SIZE, SILVER. To make silver size, take toObjects near our view are thought greater than bacco pipe clay in fine powder, into which scrape those of a larger size, that are more remote. Locke. That will be a great horse to a Welshman which

some black lead and a little Genoa soap, and mix is but a small one to a Fleming; having, from the them all together with parchment size as already different breed of their countries, taken several sized.

directed. ideas, to which they compare their great and their

Size, the name of an instrument used for little.

Locke. finding the bigness of fine round pearls. It He should be purged, sweated, vomited, and consists of thin pieces or leaves, about two inches starved, till he come to a sizeable bulk. Arbuthnot. long, and half an inch broad, fastened together The martial goddess,

at one end by a rivet. In each of these are round Like thee, Telemachus, in voice and size,

holes drilled of different diameters. Those in With speed divine, from street to street she flies. the first leaf serve for measuring pearls from half

Pope. They do not consider the difference between ela- pearls from eight grains, or two carats, to five

a grain to seven grains; those of the second for borate discourses, delivered to princes or parliaments, and a plain sermon, for the middling or lower size of carats, &c.; and those of the third for pearls people.


from six carats and a half to eight and a half. Size, n. s.

From the noun Ital. sisu. Any viscous or

SI'ZER, or SER'VITOR, n. s. SI'Ziness, n. s. glutinous substance: gluti- in the universities.

substantive above. A certain rank of students Si'zy, adj. nousness : viscous; gluti

They make a scramble for degree :

Masters of all sorts and of all ages, In theumatisms, the siziness passes off thick con- Keepers, sub-sisers, lackeys, pages. Bp. Corbett. tents in the urine, or glutinous sweats. Floyer on the Humours.

SKAGGIE, a small river of Scotland, in PerthCold is capable of producing a siziness and. visco- shire, which rises in the parish of Monzie, and sity in the blood.


falls into the Erne near Crietf. The blood is sizy, the alkalescent salts in the SKAINSʻMATE, n. s. (I suppose from skain, serum producing coriaceous concretions.

or skean a knife, and mate). A messmate. It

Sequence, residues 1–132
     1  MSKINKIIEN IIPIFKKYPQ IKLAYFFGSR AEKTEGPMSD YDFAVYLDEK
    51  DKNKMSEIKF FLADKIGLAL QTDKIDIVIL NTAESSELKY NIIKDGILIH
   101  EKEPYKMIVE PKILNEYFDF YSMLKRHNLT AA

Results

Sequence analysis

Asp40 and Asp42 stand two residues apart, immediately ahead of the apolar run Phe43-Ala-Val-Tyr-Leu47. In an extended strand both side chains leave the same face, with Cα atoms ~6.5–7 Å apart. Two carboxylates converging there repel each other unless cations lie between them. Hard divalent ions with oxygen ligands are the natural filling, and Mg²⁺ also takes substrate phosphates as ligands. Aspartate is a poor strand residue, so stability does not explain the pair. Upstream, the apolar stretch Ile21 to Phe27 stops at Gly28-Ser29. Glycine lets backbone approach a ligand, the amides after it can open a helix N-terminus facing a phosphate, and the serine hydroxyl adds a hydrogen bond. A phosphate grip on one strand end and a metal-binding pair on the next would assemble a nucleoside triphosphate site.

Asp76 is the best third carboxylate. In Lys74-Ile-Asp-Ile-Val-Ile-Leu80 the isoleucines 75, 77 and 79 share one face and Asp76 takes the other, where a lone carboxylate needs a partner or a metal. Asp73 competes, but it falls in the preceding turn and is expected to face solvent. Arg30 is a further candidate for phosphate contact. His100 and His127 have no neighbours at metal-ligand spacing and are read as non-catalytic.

Id. On Diet. is remarkable that Dutch mes is a knife.- Dr. Size is also a sort of paint, varnish, or blue, Johnson. used by painters, &c. The shreds and parings Scurvy knave, I am none of his flirt gills ; of leather, parchment, or vellum, being boiled I am none of his skainsmate. in water and strained, make size. This sub

Shakspeare. Romeo and Juliet. stance is much used in many trades. The man SKATE, n. s. Sax. scearda. A flat sea-fish; ner of using size is to melt some of it over a a flat kind of shoe armed with iron, for sliding gentle fire; and, scraping as much whiting into on the ice. it as will just color it, let them be well incorpo

They sweep rated togeiher; after which you may whiten On sounding skates a thousand different ways,

Thomson. frames, &c.,with it. After it dries, melt the size In cireling poise swift as the winds. again, and put more whiting, and whiten the SKATING, an exercise on ice, both graceful frames, &c., seven or eight times, letting it dry and healthy. Although the ancients were rebetween each time; but before it is quite dry, markable for their dexterity in most of the athbetween each washing with size, you must letic sports, yet skating seems to have been unsmooth and wet it over with a clean brush known to them. It may therefore be considered pencil in fair water.

as a modern invention; and probably it derived Size, Gold. To make gold size, take gum its origin in Holland, where it was practised, animi and asphaltum, of each one ounce; mi- not only as a graceful and elegant amusement, nium, litharge of gold, and amber, of each half but as an expeditious mode of travelling when an ounce: reduce all into a very fine powder, the lakes and canals were frozen up during winand add to them four cunces of linseed oil, and ter. In Holland long journeys are made upon eight ounces of drying oil : digest them over a skates with ease and expedition; but in general gentle fire that does not flame, so that the mix- less attention is there paid to graceful and eleture may only simmer, but not boil, lest it should gant movements than 10 the expedition and celerun over and set the house on fire; stir it con- rity of what is called journey skating. It is stantly with a stick till all the ingredients are only in those countries where it is considered as dissolved and incorporated, and do not leave off an amusement that its graceful attitudes and stirring till it becomes thick and ropy; after movements can be studied; and there is no exbeing sufficiently boiled, let it stand till it is ercise whatever better calculated to set off the almost cold, and then strain it through a coarse human figure to advantage. The acquirement linen cloth, and keep it for use. To prepare it of most exercises may be attained at an advanced for working, put what quantity you please in a period of life; but, to become an expert skater, horse-mussel shell, adding as much oil of tur it is necessary to begin the practice of the art pentine as will dissolve it; and making it as at a very early age. It is difficult to reduce the thin as the bottom of your seedlac varnish, hold art of skating to a system. It is principally by it over a candle, and then strain it through a the imitation of a good skater that a young praclinen-rag into another shell; add to these as titioner can form his own practice. The Engmuch vermilion as will make it of a darkish red: lish, though often remarkable for feats of agility if it is too thick for drawing, you may thin it upon skates, are very deficient in gracefulness